Corey Allan: when I can orient to that, it's better. on using that ink well, it's kind of to use your terminology. It's the heading out into something, which then I think

Chris Bruno: Mm-hmm.

Corey Allan: leads us to, okay, now let's be a partner in the restoring with somebody.

Chris Bruno: Mm-hmm.

Corey Allan: What does that look like for somebody that you get to walk alongside with the witness as you're describing it? What does that look like? Not just us as professionals, because I think this is something we do, I do as a father, I do as a husband, I do as a friend. So what does that

Chris Bruno: Mm-hmm.

Corey Allan: look like as you see it?

Chris Bruno: Well, again, so many directions we could go with that question, but the element that I think is the most important for us is to recognize just in the simplicity of presence, the simplicity of presence, and so quickly, we run to... fixing, we run to judgment, we run to condemnation, we run to issues of shame, like those are the kinds, and whether it's me in telling you about what's happening for me or you, try, you know, being so uncomfortable with what I'm saying that you need to fix me, like,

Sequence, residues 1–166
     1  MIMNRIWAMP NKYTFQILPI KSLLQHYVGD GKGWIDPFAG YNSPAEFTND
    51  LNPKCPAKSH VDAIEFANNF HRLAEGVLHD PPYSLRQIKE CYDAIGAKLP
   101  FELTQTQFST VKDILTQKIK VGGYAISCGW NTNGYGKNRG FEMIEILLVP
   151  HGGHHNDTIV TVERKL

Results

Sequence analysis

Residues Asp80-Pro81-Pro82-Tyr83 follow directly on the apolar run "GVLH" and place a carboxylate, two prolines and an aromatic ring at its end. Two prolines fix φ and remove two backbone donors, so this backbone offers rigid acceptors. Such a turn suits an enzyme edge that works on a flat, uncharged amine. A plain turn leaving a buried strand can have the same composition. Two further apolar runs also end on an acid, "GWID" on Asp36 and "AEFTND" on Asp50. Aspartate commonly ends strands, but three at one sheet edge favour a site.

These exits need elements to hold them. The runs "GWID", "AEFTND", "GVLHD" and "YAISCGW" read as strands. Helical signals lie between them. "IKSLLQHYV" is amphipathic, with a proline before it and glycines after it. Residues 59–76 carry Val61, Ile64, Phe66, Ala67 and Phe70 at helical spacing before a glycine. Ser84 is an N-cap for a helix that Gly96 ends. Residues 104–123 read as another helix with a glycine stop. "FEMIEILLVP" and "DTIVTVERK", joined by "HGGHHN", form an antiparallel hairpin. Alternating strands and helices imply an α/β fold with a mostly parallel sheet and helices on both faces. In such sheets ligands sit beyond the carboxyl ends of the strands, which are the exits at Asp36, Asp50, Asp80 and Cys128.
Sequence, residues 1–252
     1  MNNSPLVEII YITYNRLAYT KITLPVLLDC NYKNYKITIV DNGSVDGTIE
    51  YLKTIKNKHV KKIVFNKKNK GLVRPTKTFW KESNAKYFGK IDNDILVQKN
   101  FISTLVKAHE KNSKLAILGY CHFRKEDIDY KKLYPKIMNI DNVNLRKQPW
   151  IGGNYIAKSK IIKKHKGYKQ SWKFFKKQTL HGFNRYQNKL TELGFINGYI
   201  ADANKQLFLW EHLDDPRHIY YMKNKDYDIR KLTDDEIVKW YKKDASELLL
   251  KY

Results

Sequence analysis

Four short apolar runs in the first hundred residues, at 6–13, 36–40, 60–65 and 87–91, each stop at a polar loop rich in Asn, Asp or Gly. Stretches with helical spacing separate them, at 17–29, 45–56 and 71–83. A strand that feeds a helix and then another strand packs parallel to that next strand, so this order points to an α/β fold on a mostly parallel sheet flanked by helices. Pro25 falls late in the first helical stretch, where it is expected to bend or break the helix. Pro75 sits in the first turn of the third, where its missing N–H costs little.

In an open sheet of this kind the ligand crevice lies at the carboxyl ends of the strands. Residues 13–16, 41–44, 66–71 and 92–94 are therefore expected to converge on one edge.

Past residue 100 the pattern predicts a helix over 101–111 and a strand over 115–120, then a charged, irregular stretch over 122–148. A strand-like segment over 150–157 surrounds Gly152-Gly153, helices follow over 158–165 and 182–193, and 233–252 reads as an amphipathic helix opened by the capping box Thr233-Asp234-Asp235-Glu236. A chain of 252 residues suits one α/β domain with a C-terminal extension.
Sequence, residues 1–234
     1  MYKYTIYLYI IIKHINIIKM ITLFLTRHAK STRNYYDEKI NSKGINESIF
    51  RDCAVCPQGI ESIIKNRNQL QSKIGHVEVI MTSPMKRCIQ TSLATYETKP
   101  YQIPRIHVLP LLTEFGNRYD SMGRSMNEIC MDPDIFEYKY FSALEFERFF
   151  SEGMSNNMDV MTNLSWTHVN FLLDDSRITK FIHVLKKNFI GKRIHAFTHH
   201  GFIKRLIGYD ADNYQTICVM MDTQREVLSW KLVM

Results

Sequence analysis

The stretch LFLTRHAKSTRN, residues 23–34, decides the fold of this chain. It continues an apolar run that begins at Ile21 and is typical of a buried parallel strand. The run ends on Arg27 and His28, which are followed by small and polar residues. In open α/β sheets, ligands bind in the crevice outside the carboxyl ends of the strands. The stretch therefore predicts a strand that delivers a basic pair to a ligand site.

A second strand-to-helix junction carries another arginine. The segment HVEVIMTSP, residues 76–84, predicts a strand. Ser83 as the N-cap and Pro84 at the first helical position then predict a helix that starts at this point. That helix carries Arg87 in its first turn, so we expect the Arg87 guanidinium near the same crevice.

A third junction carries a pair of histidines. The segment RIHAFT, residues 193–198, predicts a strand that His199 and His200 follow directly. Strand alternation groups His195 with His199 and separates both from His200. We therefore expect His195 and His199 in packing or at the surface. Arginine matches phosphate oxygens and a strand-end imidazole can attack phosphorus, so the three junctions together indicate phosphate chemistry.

Corey Allan: Mm-hmm.

Chris Bruno: or advise me, or give me some, you know, hallmark card answer, or pray for me, whatever it is that there is, that there's some kind of uncomfortableness with where we're going. And And I just wanna encourage people to have a posture of presence and a posture of just like, I love how Brene Prown says this, like, I don't even know what to say right now, but I'm just so glad you told me. Like if you don't know

Corey Allan: Right.

Chris Bruno: what to say, if you don't know what to do, right, just stay present to the person

Corey Allan: Right.

Chris Bruno: and allow for your heart to be broken about their brokenheartedness. Allow for you to be sad and angry and confused as they are sad and angry and confused. That is what I'm talking about with witness, witness with witnessing. Those

Corey Allan: Mm-hmm.

Chris Bruno: are hard words to say, right? In just being with someone else. Cause ultimately, Kurt Thompson, he puts it this way, that we were all born into the world looking for someone looking for us.

Corey Allan: Mm-hmm.

Chris Bruno: I love that phrase because can you be a person who is looking to find another person take them out of where they're at, not fix them, not try to remove the tension or resolve the dynamic, just be with. That

Corey Allan: Mm-hmm.